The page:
Figure 2 Migrant to native difference in left-to-right voting

Figure 2 Migrant to native difference in left-to-right voting

Note: authors’ estimates on ESS data, adapted from Moriconi et al. (2022a). Figure reports the regression-estimated second-generation migrants’ voting preferences compared to natives. Negative coefficients imply voting preferences towards left-leaning parties. The figure reports the results from the unrestricted (leftmost) sample in terms of second-generation migrants’ origins to the most restricted (rightmost), including only the sample of country of origin within the EU21. Black diamonds show the estimates without controlling for voters’ country of origin, while blue dots report estimates after controlling for voters’ country of origin (country of origin fixed-effects). The country of origin is determined by the birthplace of the father.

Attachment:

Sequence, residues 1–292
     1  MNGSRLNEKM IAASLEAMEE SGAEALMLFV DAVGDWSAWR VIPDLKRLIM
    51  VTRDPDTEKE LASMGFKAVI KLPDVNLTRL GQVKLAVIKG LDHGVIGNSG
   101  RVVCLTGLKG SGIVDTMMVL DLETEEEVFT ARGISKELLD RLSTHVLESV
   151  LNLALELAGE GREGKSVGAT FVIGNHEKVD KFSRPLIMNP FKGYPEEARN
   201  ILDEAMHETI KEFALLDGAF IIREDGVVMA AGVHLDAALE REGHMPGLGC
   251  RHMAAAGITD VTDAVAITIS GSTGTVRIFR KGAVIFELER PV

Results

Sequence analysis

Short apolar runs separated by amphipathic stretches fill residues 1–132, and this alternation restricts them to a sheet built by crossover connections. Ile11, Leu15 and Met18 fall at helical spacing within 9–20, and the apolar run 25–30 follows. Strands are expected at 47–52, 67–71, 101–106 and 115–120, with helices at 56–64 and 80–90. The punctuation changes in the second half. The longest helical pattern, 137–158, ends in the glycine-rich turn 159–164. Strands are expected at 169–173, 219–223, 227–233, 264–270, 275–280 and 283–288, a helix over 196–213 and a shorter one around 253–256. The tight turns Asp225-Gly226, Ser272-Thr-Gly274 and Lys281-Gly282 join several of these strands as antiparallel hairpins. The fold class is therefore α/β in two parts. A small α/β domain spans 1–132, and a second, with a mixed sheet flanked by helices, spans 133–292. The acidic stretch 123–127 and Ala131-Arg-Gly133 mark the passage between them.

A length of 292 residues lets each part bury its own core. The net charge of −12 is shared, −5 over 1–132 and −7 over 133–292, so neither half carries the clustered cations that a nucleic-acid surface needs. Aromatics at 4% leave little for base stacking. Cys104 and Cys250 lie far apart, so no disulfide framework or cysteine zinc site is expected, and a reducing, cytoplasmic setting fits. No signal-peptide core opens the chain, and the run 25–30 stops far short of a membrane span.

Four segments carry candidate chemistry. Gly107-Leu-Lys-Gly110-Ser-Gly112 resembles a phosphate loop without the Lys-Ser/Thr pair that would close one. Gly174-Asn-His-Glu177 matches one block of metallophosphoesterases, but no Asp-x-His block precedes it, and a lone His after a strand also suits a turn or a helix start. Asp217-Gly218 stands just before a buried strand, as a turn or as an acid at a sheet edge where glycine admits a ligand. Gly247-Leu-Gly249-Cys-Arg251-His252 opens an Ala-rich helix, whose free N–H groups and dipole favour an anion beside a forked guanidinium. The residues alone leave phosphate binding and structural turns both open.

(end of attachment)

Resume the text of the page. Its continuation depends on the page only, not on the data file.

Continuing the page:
Figure 3 Migrant to native difference in left-to-right voting

(comparison with differences associated to other individual characteristics)

Figure 3 Migrant to native difference in left-to-right voting

Note: authors’ calculations on ESS data, adapted from Moriconi et al. (2022a). Figure reports the estimated coefficients over the different individual characteristics, estimated on the most restrictive sample of EU 21 origins and controlling for country of origin characteristics.